Applying these results to the present situation
The four measures of labor market slack behaved similarly in the 18 years leading up to the pandemic but have behaved very differently since the start of the pandemic. This divergence has continued in recent data with the prime-age nonemployment rate at its average over the roughly two decades prior to the pandemic but the ratio of unemployed to job openings and the quits rate indicating the tightest labor market on record, with the quits rate even more tight relative to its historical values than the ratio of unemployed to job openings. This presents the sharpest test of potential differences in the properties of these predictors, albeit one that is heavily confounded by all of the other changes happening as the US economy emerges from the pandemic.
Over the last six months nominal wage and price inflation have both been very high, with ECI wages and salaries growing at a 3.4 percent annual rate (compared with a 2.4 percent annual rate in the 18 years prior to COVID-19) and core CPI prices growing at a 3.0 percent annual rate (compared with a 1.9 percent annual rate in the 18 years prior to COVID-19). These increases are likely due, at least in part, to one-off factors that are outside of this extremely simple model, like supply chain issues and the reallocation shock associated with the pandemic. They do, however, lend some greater weight to the explanatory power of the unemployed-to-job openings model and the quits rate as compared with the other two.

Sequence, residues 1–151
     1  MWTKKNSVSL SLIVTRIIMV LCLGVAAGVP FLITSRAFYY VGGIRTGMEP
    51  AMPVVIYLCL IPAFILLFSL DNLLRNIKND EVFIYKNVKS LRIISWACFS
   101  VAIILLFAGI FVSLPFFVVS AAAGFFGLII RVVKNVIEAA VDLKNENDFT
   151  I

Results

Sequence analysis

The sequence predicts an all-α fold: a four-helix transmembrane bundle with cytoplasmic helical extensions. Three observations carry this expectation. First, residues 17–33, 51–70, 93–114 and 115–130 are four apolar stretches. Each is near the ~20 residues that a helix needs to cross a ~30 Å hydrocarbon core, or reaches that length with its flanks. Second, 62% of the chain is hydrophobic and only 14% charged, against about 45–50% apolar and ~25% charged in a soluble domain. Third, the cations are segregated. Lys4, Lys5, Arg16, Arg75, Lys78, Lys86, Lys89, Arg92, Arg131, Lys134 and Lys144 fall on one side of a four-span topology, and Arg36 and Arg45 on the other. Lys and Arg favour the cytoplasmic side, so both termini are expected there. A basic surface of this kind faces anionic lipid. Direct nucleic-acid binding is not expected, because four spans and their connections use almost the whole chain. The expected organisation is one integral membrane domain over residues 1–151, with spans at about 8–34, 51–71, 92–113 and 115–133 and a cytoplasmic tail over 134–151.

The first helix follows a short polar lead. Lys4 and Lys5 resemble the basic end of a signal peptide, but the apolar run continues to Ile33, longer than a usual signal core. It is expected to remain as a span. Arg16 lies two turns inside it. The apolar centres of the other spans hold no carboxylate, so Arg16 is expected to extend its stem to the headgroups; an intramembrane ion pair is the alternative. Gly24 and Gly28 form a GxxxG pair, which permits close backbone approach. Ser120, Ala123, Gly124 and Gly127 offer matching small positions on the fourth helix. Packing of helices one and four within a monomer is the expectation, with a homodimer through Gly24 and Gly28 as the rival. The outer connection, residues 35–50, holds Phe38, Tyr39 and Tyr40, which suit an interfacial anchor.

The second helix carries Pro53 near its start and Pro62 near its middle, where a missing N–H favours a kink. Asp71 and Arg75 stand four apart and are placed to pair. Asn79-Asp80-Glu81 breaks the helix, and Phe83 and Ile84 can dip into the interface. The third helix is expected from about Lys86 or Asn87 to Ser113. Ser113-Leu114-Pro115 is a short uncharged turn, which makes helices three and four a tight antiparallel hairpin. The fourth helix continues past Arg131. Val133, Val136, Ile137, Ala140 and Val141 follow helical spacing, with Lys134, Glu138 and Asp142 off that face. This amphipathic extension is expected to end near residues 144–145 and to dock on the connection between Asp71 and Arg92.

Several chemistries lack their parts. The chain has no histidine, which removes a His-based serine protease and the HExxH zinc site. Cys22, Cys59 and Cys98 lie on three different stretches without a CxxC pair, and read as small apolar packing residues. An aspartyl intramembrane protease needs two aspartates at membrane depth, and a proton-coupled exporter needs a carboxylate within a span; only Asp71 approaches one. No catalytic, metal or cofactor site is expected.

An economist trying to predict wage or price inflation over the next year would expect it to be about average if they used the prime-age nonemployment rate, above average if they used the unemployment rate, and well above average if they used the ratio of unemployed to job openings or the quits rate (which suggest the labor market is tighter than ever). So far, the unemployed-to-job openings and quits rate model predictions are doing a better job making sense of what is happening—and suggest additional pressures on prices and wages as well as faster inflation-adjusted wage growth going forward.